The Surrealist Grace of Donald Glover’s ‘Atlanta’ 

The Surrealist Grace of Donald Glover’s ‘Atlanta’ 

Love and Theft

At any given moment, Donald Glover’s Atlanta can feel like a family drama, a Southern Gothic horror story, and a sketch comedy.


Early on in the first episode of Atlanta’s new season, we’re treated to a kind of fable. Earn (Donald Glover) has just told his friend Darius (Lakeith Stanfield) that his parents are going on a trip to Florida. “Make sure you tell ’em to watch out for Florida Man,” Darius replies.

“What’s Florida Man?”

Darius is incredulous that Earn’s never heard of him. “Florida Man is responsible for a large percentage of abnormal incidents that occur in Florida,” he tells Earn (and us). “Think of him as an alt-right Johnny Appleseed. No one knows his true identity, date of birth, what he looks like. That’s why headlines always say ‘Florida Man’: ‘Florida Man Shoots Unarmed Black Teenager.’ ‘Florida Man Bursts Into Ex’s Delivery Room and Fights New Boyfriend as She’s Giving Birth.’ ‘Florida Man Steals a Car and Goes to Checkers.’ ‘Florida Man Beats a Flamingo to Death.’ ‘Florida Man Found Eating Another Man’s Face.’”

As Darius recounts each of Florida Man’s exploits, we get nightmarishly vivid cutaways to a man in a yellow trucker cap, his face not fully visible, performing them. Darius ends the speech on a note of stoner paranoia: “Him, the state government, in fucking cahoots.”

“Why would anyone even do that?” Earn asks.

“To prevent black people from coming to and/or registering to vote in Florida, Earn,” Darius answers, as if his friend has missed the most obvious of connections. “Come on!”

This scene isn’t typical of Atlanta—indeed, part of the joke here is the usually laconic Darius delivering such a long monologue to begin with—but it reflects something of the show’s ambition and its variety of registers. The scene is funny, surreal, frightening, and closely observed, all at the same time.

“Florida Man” is a meme borrowed from Twitter; it may be that Darius has seen the joke account of that name and taken it for reality. Then again, it is a kind of reality: The headlines that the account gathers are all real, even if they obviously don’t refer to the same man. In that sense, “Florida Man” really is someone to watch out for, and while Darius’s conspiracy theory about him is ridiculous, it’s not as ridiculous as it ought to be—or as it would have seemed in September 2016, when Atlanta premiered.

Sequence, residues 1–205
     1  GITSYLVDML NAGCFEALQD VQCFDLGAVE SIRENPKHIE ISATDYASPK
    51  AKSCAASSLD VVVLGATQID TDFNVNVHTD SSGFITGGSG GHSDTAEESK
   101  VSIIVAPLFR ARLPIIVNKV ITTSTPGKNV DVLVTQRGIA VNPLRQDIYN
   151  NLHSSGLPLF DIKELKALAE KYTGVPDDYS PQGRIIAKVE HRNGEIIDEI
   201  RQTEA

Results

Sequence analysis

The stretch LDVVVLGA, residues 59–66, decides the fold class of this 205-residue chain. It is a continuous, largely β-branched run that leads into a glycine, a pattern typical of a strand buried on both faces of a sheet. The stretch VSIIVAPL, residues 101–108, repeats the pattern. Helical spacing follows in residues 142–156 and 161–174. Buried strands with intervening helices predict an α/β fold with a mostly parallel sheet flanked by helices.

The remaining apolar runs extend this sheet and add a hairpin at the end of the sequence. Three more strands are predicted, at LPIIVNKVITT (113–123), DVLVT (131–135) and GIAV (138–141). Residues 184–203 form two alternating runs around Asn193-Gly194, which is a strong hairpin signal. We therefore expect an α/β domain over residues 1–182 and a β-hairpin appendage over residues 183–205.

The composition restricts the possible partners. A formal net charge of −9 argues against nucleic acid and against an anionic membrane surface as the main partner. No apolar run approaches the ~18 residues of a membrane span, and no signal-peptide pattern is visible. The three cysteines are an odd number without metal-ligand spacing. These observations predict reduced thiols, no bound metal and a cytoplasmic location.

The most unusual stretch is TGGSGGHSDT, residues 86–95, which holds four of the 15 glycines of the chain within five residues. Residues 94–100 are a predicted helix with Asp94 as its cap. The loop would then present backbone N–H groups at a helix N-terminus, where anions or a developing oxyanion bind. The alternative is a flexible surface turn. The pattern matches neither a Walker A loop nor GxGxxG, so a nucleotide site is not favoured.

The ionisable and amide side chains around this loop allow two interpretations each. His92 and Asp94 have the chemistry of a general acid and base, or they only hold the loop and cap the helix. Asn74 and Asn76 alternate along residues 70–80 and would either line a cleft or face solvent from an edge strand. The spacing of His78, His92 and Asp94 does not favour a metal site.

Atlanta was created by Donald Glover, who also stars as Earn, a Princeton dropout who is struggling to make a living managing his cousin Alfred’s rap career. (Alfred goes by the name Paper Boi.) The show is ostensibly a sitcom—the episodes last half an hour, and there are always jokes—but individual scenes have an unsettling unpredictability that floats free of genre: At any given moment, Atlanta can feel like a crime show, a family drama, a Southern Gothic horror story, or sketch comedy.

Glover has described Atlanta as “Twin Peaks for rappers,” and while that somewhat overstates its strangeness, it isn’t totally off. Season one featured a black Justin Bieber and an invisible car, among other surrealist grace notes. In one of my favorite moments, a promoter Earn has been trying to track down disappears into a secret revolving door in the wall of a nightclub. It’s a great trick, and an apt visual metaphor for the show’s willingness to fake us out and keep us off-balance.

Atlanta’s second batch of 10 episodes has been given the subtitle Robbin’ Season, which, as Darius explains, refers to the period just before Christmas when crime in the city begins to rise. The show’s writers have said that Robbin’ Season was structured as a longer narrative, though the first three episodes (the only ones I’ve seen so far) all feel relatively self-contained.